Rio Cosanga (Lower)
|Stretch:||Above the Rio Quijos|
|Flows:||No gauge. Visual only...|
|Gradient:||112 fpm on Cosanga, 72 fpm on Quijos|
|Put-in:||Footbridge off of E45|
|Take-out:||Bridge #4 in Borja|
|Shuttle:||11 miles on good road|
|Featured in A Wet State: #82 and in A Wet State's contribution to World Kayak's Video Guide|
Ecuador 2013 Day 1:
The previous night we arrived in Quito, some 22 hours after leaving San Francisco. At least during our 9 hour layover in Atlanta we found a nice lounge area to sleep and then were joined by an east coast friend of ours who came to the airport a few hours early for this own flight in order to visit. If you are going to have a long layover, that certainly helped to minimize the pain. That night we arrived in Quito around 11 pm. Another friend of ours who we met in Chile a few years prior had now relocated to Quito so we groggily found a taxi and made out way to his hours to crash for the night. The following morning we all awoke, Nate made us breakfast and we headed to the bus station to catch the bus to Baeza. The bus right took a little over two hours and was just enough time to watch an entire movie that thankfully was easy enough to follow as there were no subtitles. The pass the bus drives over is around 13,400 ft high and offers some amazing views of the valleys on either side. As you descend you drive down the head waters of the Papallacta which slow grows steam and turns into a full-fledged river sandwiched between tight canyon walls with the jungle dripped over the edges. The town of Papallacta also offers some wonderful hot springs that can be enjoyed for $3-7/person depending on which you go to. We enjoyed the resort style hot springs on our last night and I think it was money well spent. Soon enough we rolled into Baeza, got situated in our rooms at Rodridgo's, outfitted our boats... and called a taxi to take us to the water.
Nate, being as he lives in Quito, had boated a handful of the rivers previously and recommended the Cosanga as a nice warm-up with classic scenery. There are multiple runs on the Cosanga, the lower being the most challenging. We had hoped to see the upper sections as well but alas you need higher water for those... and that is something that we never had. Two weeks and no rain for the duration, what are the chances? Oh well, that is one of the nice things about Ecuador. The Quijos always runs, and if things are ranging, there always things you can run then as well. Between that and the east of the logistics, calling taxis to take you to put in and pick you up at the take-out are the main reasons why boaters flock here each winter.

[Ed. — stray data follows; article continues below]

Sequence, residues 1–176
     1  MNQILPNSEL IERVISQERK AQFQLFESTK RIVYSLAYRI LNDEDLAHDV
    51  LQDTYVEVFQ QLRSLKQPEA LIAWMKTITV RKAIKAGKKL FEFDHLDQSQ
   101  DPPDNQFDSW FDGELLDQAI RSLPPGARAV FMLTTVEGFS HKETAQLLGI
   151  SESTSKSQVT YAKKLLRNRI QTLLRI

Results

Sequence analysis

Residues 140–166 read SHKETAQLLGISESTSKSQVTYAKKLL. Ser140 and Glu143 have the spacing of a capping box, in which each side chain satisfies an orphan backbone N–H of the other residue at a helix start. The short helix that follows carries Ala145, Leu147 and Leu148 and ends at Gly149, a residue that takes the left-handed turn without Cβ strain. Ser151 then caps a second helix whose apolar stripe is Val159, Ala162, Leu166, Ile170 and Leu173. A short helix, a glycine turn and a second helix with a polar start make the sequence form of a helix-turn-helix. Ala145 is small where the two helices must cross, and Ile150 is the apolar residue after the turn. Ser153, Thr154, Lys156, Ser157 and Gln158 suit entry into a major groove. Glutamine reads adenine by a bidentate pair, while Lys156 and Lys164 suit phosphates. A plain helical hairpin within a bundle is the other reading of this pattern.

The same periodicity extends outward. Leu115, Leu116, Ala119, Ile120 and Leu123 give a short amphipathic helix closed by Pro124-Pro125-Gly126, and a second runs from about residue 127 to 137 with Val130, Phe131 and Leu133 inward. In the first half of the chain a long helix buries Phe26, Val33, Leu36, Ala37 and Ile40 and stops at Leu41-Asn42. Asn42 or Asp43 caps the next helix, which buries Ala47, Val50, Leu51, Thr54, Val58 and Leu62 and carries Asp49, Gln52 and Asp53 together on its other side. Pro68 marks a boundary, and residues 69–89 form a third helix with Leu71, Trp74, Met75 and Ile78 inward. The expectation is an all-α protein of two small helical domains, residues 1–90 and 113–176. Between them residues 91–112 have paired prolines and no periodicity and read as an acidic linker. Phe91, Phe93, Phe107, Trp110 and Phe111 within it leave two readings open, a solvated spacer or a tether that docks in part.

Anyways, The Cosanga did not disappoint. The road quickly peels away from the river and you are left with a sense of serenity with the jungle rising high above you. The river is known for its wildlife, the largest rapid is named "Cock of the Rock" after one of the local birds, a bright orange and black pigeon size bird who is really quite beautiful. The nature of the river is similar to all of those in Ecuador, continuous rapids with accents and crescendos. Typically by the time you realize the rapid is going to be bigger than the rest you are scrambling for a last minute eddy. Horizon lines and recovery pools are not plentiful here. Perhaps that is why there are also debates about the difficulty of the rivers. People call the Cosanga class IV at low water... I agree with the rating, however only perhaps one or two rapids bordered on class IV. But taking a class III boater on non-stop class III without many recovery pools is not a great idea. And every river down here that we boated had this dilemma... so I tended to be conservative and think about the totality of the rivers rather than the individual rapids when assigning the ratings. Though I am sure I will still get push back from those that insist this and others are easy that I rated them. The continuousness also makes it hard to hop out for photos and video... so I did the best I could.
Also, as this area is popular, I am sure all of the rapids on these rivers have real names... but I don't know them.
- Welcome to Ecuador (III). Right around the corner from put-in you enter a fun boulder garden that we ran down the right.
Boof (III). A small read and run rapid led to a nice boof that we hit down the center.
Cock of the Rock (IV). A long boulder garden with plenty of rocks to trip on or holes to get spun out in. We started on the right but then worked back to the middle.
Boof (III). A fun boof appears in a side channel. The left main channel was class II, but the far right channel had a nice smear boof to hit.
- Rock Island (III). A small rock island signaled this rapid. In front of the island was a sievy, log jam. Next to it was a river wide ledge. Not being sure of how big the hole was we all ran it far right off of a boof. At the low flow it would have been fine anywhere. Perhaps not at high flow.
Island (III). Not long after there was a split in the river, we went left (which is the better channel). Where the two channels came back together there were some nice holes. We stayed left throughout.
Hole (III+). A simple ramp led to a sticky hole. It was easy enough to get your nose over but getting stuck would be memorable. Scout from the left.
- Quijos Confluence (III). Just below the confluence there was a nice rapid that had a good little boof at the bottom on the far right, or you could just go far left around it.
Boogie continues for 3.5 more miles
Take-out: Take-out at Bridge #4 which is off of a spur road in Borja off of E45 (downriver of Baeza). Grab a beer at Chris and Andreas and wait for the cab
Put-in: Take E45 towards Tena. In 2013 the paved road turned briefly to dirt, this was the put-in. There was a turnout with a trail down 100 yards to a foot bridge over the river.
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